DNA tests released last week have raised questions as to whether the state of Arkansas may have executed the wrong person in connection with the 1993 sexual assault and murder of 26-year-old Debra Reese.
Summaries of the tests, released by the American Civil Liberties Union (ACLU) and the Innocence Project on Friday, showed that genetic material from a male not matching that of the man executed for the crime was found on the murder weapon. Ledell Lee was executed by the state for Reese’s murder in 2017. Lee maintained his innocence until the end, telling the BBC one day before his death: “My dying words will always be as it has been: I am an innocent man.”
“While the results obtained 29 years after the evidence was collected proved to be incomplete and partial, it is notable that there are now new DNA profiles that were not available during the trial or post-conviction proceedings in Mr. Lee’s case,” Nina Morrison, senior litigation counsel at the Innocence Project, said in a statement. “We are hopeful that one or more of these forensic law enforcement databases will generate additional information in the future.”
According to the advocacy groups, which filed a lawsuit last year to gain access to the DNA evidence used to convict Lee, tests showed the club used to beat Debra Reese to death, and the bloody shirt that the weapon was wrapped in, both showed DNA material from an unknown male whose genetic profile did not turn up any matches in a national database. Neither the club nor the shirt contained Lee’s DNA, though there was “moderate support” showing that blood found of Lee’s left shoe may have come from Reese.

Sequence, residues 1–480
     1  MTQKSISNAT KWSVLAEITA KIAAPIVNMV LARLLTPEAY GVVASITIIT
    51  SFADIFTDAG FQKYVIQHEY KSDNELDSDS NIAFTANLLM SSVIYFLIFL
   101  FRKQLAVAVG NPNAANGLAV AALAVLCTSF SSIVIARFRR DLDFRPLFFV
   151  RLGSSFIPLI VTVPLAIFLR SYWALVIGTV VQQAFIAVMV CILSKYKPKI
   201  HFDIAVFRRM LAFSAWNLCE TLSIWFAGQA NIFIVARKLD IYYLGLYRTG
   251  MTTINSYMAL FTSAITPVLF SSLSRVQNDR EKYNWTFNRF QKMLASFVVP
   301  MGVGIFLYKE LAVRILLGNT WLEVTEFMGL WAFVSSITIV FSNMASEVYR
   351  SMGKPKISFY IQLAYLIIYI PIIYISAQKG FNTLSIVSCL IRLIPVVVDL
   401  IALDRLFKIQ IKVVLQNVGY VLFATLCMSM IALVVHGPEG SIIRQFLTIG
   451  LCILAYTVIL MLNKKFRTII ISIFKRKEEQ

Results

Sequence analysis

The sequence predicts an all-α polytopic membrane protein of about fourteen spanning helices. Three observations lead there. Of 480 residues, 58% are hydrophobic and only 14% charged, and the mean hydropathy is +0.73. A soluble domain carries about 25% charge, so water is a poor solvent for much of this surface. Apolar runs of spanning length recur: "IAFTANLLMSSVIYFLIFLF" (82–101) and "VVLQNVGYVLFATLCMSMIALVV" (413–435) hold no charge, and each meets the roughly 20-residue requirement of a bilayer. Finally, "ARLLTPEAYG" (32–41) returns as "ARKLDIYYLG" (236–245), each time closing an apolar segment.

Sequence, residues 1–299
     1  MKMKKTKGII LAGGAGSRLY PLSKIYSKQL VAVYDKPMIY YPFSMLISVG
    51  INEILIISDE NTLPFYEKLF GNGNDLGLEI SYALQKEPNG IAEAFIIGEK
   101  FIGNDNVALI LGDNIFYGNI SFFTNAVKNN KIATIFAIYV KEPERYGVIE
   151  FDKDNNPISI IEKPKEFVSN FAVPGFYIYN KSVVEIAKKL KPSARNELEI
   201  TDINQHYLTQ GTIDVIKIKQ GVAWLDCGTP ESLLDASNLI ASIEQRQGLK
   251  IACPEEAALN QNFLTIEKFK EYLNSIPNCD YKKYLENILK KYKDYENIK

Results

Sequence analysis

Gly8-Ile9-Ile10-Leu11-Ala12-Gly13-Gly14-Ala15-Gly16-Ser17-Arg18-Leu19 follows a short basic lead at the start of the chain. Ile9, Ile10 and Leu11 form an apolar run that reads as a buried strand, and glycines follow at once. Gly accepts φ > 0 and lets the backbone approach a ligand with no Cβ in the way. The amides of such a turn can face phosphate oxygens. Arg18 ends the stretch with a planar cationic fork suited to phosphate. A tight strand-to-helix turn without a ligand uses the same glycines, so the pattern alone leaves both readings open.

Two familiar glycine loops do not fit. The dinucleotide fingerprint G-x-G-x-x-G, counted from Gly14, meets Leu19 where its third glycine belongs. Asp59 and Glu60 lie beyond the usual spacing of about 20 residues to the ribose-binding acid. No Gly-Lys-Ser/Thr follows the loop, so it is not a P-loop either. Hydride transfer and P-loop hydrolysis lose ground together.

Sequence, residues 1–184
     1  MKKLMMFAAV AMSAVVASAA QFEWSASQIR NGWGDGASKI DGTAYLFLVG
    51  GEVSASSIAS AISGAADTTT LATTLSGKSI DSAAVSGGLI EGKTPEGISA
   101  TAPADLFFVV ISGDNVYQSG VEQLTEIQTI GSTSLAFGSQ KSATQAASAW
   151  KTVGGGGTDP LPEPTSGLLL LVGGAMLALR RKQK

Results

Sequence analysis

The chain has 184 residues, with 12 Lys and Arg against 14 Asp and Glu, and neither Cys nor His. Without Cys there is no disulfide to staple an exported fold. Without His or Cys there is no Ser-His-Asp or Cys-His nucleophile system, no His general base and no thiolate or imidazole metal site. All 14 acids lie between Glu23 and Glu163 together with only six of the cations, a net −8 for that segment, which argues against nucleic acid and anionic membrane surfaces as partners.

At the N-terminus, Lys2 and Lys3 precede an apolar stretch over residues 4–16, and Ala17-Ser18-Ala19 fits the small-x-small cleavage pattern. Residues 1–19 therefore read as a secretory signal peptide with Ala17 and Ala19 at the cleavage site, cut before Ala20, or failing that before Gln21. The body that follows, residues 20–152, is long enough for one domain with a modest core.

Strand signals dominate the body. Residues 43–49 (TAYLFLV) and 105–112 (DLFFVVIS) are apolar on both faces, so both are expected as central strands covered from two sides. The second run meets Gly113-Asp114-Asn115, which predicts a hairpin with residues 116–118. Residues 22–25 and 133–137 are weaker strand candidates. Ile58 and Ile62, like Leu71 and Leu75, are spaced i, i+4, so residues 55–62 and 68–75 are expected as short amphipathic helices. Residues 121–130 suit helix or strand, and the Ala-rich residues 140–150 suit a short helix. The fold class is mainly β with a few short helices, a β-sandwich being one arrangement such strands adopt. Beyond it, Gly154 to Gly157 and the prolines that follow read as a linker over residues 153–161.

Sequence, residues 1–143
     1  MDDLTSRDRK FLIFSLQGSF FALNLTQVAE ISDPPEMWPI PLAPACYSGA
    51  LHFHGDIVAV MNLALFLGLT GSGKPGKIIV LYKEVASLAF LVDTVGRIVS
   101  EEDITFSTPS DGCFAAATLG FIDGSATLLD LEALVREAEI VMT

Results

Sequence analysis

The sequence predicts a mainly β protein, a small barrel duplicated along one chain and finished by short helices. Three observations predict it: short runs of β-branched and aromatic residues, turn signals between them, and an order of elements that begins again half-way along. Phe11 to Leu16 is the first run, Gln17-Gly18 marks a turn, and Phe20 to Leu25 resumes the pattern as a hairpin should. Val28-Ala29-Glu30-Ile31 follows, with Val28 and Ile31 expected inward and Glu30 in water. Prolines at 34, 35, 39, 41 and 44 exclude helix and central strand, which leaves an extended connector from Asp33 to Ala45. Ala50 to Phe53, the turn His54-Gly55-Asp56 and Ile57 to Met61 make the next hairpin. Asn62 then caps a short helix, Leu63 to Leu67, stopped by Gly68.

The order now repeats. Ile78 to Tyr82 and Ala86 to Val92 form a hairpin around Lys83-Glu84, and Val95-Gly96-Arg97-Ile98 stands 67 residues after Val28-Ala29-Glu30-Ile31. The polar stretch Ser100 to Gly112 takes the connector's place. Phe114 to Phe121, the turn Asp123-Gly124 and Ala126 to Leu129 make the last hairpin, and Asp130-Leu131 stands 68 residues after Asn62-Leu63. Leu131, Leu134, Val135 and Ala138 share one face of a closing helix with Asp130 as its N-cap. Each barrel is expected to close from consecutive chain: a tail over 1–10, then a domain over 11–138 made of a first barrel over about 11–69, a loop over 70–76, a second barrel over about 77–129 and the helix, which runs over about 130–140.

There was no direct physical evidence that implicated Lee as Reese’s killer, and his appellate attorney later submitted an affidavit to the court acknowledging that he struggled with substance abuse problems while representing his client and was unable to provide a proper defense for Lee, the Washington Post reported.
Mitochondria testing was performed on six strands of hair held in evidence. Lee was completely excluded as the source for five, though he couldn’t be ruled out as a “potential source” for one, the ACLU and Innocence Project said.
“Mitochondrial DNA testing analyzes DNA shared by all individuals in a common maternal line, including distant relatives; it can be used to exclude known individuals as the source, but cannot be the basis for absolute identification or individualization,” the groups said in a joint press release.
In a statement given to local CBS affiliate THV11, Attorney General Leslie Rutledge (R) said the evidence still showed Lee’s guilt “beyond a shadow of a doubt.”
“The courts consistently rejected Ledell Lee’s frivolous claims because the evidence demonstrated beyond any shadow of a doubt that he murdered Debra Reese by beating her to death inside her home with a tire thumper,” Rutledge said. “After 20 years, I am prayerful that Debra’s family has had closure following his lawful execution in 2017.”
[image via Arkansas Department of Corrections]
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